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Websockets and More: 20 awesome node.js npm modules we use every day

April 17, 2012 8:17 am / by / 16 comments

Strider, our continuous deployment platform for node.js and Python, is in fact written in node.js and Python and it was the first project that we started testing and deploying via Strider. Yes, we are in fact continuously deploying Strider via Strider itself. It’s our own small attempt to bootstrap the Singularity. (Continuous deployment means that we automatically test after every commit, and then immediately deploy that code to production if the tests pass.)

So anyway. We use node.js for our web application server (along with backbone.js on the client), and the workers (which run the actual tests) are written in Python. While node.js is best known for its real-time capabilities with websockets, it is very easy at this point to build your entire web app in node.js. Node.js has a great package manager in npm and a strong ecosystem of modules. One of our biggest challenges was figuring out which modules would work best. Here’s what we chose:

Web Framework: Express is our node.js web framework of choice. Express is built on top of Connect, the definitive middleware framework for node.js.

Templating: Jade is the favored templating engine of the Express.js core team and it is also our favorite. After using jade for a while, it now actually pains me whenever I need to fully type out html. The amount of typing that jade eliminates dwarfs that involved in the recent (ongoing?) semicolon debate.

Auth: Everyauth integrates tightly with Express and provides excellent authentication and authorization support both internally and against a long list of external services. To date, we have only used it for internal auth and for oauth against github.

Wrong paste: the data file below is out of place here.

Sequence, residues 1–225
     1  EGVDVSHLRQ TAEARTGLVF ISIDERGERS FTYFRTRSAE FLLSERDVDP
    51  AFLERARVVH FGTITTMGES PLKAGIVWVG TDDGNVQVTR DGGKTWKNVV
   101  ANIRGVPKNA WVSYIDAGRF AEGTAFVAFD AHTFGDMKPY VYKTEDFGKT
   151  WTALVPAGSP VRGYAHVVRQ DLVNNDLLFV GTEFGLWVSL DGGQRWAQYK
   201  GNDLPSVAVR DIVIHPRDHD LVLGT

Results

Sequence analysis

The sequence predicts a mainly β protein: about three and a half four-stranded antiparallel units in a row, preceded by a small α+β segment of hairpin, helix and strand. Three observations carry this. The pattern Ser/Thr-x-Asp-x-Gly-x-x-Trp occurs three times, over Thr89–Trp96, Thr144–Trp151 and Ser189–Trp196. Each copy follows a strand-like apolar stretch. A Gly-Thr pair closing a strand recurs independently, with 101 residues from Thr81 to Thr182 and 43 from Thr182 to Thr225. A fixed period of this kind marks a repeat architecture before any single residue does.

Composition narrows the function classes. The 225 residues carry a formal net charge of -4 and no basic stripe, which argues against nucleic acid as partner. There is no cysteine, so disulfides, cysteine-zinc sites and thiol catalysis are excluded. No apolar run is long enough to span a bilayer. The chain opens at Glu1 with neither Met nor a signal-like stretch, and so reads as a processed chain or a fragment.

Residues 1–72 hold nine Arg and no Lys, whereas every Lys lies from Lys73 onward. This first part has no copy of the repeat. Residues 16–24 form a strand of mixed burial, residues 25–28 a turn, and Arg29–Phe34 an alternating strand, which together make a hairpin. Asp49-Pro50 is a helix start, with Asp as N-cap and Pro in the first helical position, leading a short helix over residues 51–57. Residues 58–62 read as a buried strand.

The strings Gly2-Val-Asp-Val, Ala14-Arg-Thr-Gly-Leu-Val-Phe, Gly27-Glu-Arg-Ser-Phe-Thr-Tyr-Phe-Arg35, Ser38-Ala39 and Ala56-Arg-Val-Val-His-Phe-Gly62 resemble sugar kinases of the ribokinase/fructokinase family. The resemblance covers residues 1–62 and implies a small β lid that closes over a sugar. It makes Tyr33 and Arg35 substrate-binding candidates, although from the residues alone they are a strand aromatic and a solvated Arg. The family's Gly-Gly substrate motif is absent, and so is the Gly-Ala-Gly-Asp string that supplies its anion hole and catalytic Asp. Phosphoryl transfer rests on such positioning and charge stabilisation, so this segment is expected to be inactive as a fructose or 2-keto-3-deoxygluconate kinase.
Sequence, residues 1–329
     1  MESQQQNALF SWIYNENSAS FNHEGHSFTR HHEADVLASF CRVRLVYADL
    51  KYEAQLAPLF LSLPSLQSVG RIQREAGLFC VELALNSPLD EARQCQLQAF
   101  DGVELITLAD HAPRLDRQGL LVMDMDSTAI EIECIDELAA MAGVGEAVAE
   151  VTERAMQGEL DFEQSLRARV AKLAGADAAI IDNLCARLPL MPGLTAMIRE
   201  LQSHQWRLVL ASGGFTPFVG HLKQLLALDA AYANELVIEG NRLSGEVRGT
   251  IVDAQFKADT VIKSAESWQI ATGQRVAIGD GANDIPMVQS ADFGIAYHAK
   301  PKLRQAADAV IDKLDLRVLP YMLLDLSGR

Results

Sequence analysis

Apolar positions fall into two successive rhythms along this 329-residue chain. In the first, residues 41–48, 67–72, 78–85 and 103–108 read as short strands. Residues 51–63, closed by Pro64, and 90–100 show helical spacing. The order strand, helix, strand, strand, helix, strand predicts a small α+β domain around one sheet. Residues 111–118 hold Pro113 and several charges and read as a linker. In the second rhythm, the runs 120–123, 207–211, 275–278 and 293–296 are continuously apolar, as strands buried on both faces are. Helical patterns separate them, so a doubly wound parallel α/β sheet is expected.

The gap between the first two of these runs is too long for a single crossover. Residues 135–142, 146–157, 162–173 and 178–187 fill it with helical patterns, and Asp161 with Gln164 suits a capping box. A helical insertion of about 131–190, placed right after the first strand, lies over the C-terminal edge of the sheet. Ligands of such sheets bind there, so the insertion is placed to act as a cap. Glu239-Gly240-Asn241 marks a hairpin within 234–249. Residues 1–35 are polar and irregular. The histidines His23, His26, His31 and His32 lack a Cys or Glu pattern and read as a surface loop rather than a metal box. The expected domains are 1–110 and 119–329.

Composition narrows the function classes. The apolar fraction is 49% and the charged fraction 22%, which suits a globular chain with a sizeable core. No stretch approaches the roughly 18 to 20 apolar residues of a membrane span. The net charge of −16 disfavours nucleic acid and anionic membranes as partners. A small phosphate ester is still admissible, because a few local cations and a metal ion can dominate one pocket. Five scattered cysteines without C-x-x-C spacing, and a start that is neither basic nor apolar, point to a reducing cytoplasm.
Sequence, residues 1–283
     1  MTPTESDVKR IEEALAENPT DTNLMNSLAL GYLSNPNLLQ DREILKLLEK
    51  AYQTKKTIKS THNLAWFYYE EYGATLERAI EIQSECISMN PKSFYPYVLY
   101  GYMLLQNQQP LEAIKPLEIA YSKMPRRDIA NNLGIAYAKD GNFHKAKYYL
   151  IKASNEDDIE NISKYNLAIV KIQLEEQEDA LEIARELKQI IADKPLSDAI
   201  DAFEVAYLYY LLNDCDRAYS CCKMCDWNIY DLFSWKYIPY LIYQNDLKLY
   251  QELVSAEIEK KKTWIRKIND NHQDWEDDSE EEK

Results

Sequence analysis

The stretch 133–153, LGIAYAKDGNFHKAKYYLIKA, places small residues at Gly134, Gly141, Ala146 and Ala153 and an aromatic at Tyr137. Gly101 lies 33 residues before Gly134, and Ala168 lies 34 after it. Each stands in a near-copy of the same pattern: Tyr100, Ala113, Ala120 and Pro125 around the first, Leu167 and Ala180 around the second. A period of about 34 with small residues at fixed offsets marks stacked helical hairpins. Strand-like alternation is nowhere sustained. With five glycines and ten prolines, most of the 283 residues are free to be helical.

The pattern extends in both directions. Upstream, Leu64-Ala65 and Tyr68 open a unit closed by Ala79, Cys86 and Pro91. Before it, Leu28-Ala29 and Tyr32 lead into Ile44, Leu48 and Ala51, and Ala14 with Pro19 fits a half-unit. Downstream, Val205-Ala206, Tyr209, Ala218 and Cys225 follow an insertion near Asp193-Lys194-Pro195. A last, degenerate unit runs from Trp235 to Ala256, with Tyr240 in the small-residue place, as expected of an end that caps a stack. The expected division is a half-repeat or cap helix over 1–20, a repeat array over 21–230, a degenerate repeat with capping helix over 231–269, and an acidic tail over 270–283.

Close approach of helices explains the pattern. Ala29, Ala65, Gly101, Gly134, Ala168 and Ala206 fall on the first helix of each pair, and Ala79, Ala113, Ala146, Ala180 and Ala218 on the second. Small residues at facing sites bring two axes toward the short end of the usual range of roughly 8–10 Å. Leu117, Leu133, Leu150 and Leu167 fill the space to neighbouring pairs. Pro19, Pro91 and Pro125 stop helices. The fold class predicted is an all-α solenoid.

Database: We use MongoDB as our primary datastore. To connect to MongoDB, we use Mongoose as well as Mongoose-Auth for Everyauth/MongoDB integration. This combination has worked well although it is less than ideal that every data object comes out of the auth module.

Session Store: We use connect-mongo as our session store.

Email: We send outgoing email via Sendgrid and took their recommendation to use the node_mailer module. It hasn’t been updated in a while but has worked well for us so far.

Control-Flow: Step has proven very useful in certain situations. For example, since MongoDB has limited joins within the db, on occasion we may need to execute one query, and then upon receiving the result, execute a sequence of additional queries to perform a ‘software join’. Step significantly simplified the code required for this flow.

Testing: We use a number of modules for testing, including mock-request for mocking req/res pairs, Sinon.JS for other stubs and mocks, sanboxed-module for dependency injection, and should.js for assertions. Niall’s recent blog post talks about the testing modules in a bit more depth, and in a future post we will walk through an example app that uses all of them.

Logging: We send our logs to loggly and store them locally. We patched console.log/debug/warn/error to go into Winston at equiv levels.